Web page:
Blueberries for Sal

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Blueberries for Sal
First edition cover
AuthorRobert McCloskey
IllustratorRobert McCloskey
Cover artistRobert McCloskey
CountryUnited States
GenreChildren's book
PublisherThe Viking Press
Publication date
Media typeHardback, Paperback and Kindle Edition

Blueberries for Sal is a classic children's picture book written and illustrated by Robert McCloskey in 1948. The story is set in Maine, following the adventures of a young girl named Sal and a bear cub named Little Bear as they both go blueberry picking with their respective mothers before winter.

The book was awarded the Caldecott Honor in 1949.[1] Blueberries for Sal was ranked number 13 among the "Top 100 Picture Books" in a 2009 survey published by School Library Journal.[2] It was ranked number 31 in a reiteration three years later.[3][4]

Plot summary[edit]

"The book opens and closes with a picture of little Sal and her mother in the kitchen, the mother is canning blueberries... One sees in this opening picture Sal entertaining herself by placing the canning rings on her wrist and a spoon, a simple childlike act which helps to set the stage for Sal's obvious child actions throughout the books. This is not to be the overly diligent or angelic girl of so many other books, Sal is a real child figure. She gets into mischief and causes her mother no end of trouble.”[5]

Little Sal's mother takes her to Blueberry Hill to pick berries. Sal drops three berries in her bucket, then eats them. This continues as she and her mother concentrate on the berries and gradually get separated on the hill. What they don't realize is that a mother bear and her cub have also come to Blueberry Hill to eat berries for the winter. The book uses a number of visual and verbal techniques to compare and contrast the bear and the human families. Both families' pictures are similar in composition, but they head in opposite directions when they reach the blueberry patch. Little Sal’s mother tells her that they can’t eat all the berries because they need to save them to can for the winter, but the bear mother tells her child to eat as much as it can to store up fat for winter. The bear's way of preparing for winter is more natural for Sal who soon wanders off to eat.

Sal and the bear cub get mixed up and follow after the wrong mother. It takes the mothers several minutes to realize they're being followed by the wrong child; it isn't until the bear cub tries to eat from Sal's mother's bucket and the mother bear hears the "ku-plink, ku-plank, ku-plunk" sound of Sal dropping blueberries into her tin pail that they realize what happened. Ultimately each child is reunited with its proper mother and they both leave the hill. Just before leaving Sal drops a blueberry into her empty pail. The endpapers show Sal again playing in the kitchen while her mother cans berries.

A sequel to the book, One Morning in Maine, takes place a few years later, and revisits little Sal and her mother, and introduces Sal's father and younger sister.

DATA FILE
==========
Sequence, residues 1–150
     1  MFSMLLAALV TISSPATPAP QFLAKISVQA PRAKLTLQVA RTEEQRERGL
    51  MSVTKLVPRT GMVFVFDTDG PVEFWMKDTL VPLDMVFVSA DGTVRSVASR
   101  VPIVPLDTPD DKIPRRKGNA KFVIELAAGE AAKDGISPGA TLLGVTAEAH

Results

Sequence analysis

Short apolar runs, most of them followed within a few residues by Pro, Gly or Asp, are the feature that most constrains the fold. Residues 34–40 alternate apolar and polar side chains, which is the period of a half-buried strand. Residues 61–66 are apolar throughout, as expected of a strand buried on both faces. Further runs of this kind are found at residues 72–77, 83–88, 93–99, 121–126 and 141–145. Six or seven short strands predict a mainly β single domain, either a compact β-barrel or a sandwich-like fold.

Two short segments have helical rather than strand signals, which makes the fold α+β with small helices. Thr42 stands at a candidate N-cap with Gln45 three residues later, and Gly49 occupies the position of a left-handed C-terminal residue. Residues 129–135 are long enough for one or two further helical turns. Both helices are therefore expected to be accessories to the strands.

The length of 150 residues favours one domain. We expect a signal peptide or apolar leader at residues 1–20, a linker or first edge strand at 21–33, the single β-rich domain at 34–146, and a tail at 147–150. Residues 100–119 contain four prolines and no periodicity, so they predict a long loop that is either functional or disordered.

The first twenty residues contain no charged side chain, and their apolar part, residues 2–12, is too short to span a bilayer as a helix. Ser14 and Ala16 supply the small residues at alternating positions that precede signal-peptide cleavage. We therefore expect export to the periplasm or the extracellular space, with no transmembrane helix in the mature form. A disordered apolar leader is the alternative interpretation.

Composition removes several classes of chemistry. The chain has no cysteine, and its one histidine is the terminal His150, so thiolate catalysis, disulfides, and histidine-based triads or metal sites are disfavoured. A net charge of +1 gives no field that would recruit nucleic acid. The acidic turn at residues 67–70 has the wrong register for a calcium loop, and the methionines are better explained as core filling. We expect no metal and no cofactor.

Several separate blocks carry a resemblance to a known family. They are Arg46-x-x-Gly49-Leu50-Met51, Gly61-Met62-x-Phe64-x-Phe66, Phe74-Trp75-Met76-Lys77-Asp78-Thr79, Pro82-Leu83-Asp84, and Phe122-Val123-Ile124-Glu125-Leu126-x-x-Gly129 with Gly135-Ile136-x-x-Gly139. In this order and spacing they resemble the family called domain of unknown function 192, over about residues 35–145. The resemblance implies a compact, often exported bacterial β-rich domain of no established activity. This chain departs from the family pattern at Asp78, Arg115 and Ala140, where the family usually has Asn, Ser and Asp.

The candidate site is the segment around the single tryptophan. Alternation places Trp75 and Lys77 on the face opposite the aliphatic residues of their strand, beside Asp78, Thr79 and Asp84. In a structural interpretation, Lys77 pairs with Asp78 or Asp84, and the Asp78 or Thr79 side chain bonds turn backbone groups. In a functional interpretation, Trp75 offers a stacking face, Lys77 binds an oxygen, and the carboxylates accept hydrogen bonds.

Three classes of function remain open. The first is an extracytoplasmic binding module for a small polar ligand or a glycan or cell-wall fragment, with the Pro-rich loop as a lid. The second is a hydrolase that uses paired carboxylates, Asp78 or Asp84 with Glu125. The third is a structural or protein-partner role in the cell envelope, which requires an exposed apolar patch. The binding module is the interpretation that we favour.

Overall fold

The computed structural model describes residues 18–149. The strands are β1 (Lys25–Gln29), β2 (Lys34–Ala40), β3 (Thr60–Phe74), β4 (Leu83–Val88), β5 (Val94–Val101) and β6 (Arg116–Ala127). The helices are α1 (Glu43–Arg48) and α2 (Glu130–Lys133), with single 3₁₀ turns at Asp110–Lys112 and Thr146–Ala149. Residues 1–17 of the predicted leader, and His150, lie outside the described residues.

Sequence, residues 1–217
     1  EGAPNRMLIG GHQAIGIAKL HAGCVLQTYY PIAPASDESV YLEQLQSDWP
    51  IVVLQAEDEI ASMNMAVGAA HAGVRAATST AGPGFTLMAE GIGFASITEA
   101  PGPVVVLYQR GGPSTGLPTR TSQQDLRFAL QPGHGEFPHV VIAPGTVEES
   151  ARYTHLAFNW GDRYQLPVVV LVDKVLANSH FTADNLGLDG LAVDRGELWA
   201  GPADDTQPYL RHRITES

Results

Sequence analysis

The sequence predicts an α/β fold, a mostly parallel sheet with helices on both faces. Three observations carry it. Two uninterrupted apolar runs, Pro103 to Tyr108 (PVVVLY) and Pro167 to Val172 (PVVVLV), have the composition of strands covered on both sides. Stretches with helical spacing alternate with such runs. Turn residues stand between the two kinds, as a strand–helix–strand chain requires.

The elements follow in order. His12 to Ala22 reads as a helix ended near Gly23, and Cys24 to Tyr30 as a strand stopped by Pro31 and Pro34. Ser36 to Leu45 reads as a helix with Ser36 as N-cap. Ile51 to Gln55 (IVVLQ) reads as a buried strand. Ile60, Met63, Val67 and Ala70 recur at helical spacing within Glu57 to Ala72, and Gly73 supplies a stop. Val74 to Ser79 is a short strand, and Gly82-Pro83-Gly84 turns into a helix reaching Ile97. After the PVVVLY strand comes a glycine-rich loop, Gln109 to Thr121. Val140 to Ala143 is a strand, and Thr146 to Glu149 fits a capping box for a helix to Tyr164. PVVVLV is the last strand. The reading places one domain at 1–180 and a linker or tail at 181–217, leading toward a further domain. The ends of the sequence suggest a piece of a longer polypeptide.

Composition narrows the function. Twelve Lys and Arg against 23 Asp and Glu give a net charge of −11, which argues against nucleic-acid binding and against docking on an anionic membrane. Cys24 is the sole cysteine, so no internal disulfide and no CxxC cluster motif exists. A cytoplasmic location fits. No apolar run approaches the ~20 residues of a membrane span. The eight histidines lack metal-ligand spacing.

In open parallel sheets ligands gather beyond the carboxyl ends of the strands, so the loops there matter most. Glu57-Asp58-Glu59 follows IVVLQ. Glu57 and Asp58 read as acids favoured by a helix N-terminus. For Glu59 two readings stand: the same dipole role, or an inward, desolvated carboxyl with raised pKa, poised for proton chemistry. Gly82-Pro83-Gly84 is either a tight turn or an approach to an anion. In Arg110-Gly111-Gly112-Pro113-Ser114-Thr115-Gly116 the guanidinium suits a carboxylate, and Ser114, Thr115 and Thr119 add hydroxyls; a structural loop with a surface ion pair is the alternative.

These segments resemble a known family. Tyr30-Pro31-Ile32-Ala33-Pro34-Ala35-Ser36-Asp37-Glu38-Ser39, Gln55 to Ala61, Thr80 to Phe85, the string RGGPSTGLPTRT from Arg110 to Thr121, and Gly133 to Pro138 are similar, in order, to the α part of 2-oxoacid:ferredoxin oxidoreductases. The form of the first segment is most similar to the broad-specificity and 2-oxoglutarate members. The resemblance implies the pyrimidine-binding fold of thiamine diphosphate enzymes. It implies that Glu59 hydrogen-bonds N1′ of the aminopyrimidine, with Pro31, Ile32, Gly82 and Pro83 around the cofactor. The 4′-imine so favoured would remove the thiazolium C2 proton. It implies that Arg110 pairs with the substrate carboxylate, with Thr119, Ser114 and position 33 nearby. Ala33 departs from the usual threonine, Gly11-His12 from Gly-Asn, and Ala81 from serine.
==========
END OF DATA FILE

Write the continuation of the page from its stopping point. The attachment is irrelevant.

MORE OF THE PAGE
The book uses a single dark blue colour and block printing for the illustrations. Sal and Sal's mother are modelled after McCloskey's daughter, Sally, and wife Peggy.[6] According to Sal's younger sister Jane --- shown in "One Morning In Maine" and "A Time Of Wonder" --- McCloskey wrote the book for Sal because she was feeling a little left out in terms of parental attention when Jane was born, so her father created the book to be all about Sal, to make her feel more special and loved.


The story is often interpreted as an idealized fable on the subject of ethnicity and cultural differences.[7] Little Sal and Little Bear, being young and innocent, do not see any differences between their cultures and happily accept the different versions of motherhood they encounter. The story shows that differences in food and childrearing practices are accepted by young children as part of that family's difference, regardless of their cultural background.

Film adaptation[edit]

The book was adapted as a short film in 1967 by Weston Woods, narrated by Owen Jordan. The short simply consisted of shots of the original book's illustrations - colorized therein - and featured a musical score performed entirely by woodwind instruments. This short film is included on the Scholastic DVD Make Way for Ducklings and More Robert McCloskey Stories (2004), along with Make Way for Ducklings and Time of Wonder.


  1. ^ Caldecott Medal & Honor Books, 1938-Present
  2. ^ Bird, Elizabeth (April 30, 2009). "Top 100 Picture Books, #13". A Fuse #8 Production. Archived from the original on May 19, 2012. Retrieved 2012-05-20.
  3. ^ Bird, Elizabeth (July 6, 2012). "Top 100 Picture Books Poll Results". A Fuse #8 Production. Blog. School Library Journal ( Archived from the original on December 4, 2012. Retrieved 2015-10-05.
  4. ^ Barrentine, Shelby J. (1996). "Engaging with reading through interactive read-alouds". The Reading Teacher. 50 (1): 36–43. ISSN 0034-0561. JSTOR 20201705.
  5. ^ Zeluna, Children's Books, Children's Literature, and Picture Book analysis
  6. ^ Plourde, Lynn (1998). A celebration of Maine children's books. Paul Knowles. Orono: University of Maine Press. p. 66. ISBN 0-89101-093-9. OCLC 39774697.
  7. ^ Lowe, Virginia (2013). "Flying to pick blueberries: Two preschoolers' literary encounters with other cultures". Bookbird: A Journal of International Children's Literature. 51 (1): 60–66. doi:10.1353/bkb.2013.0016. ISSN 1918-6983. S2CID 144584194.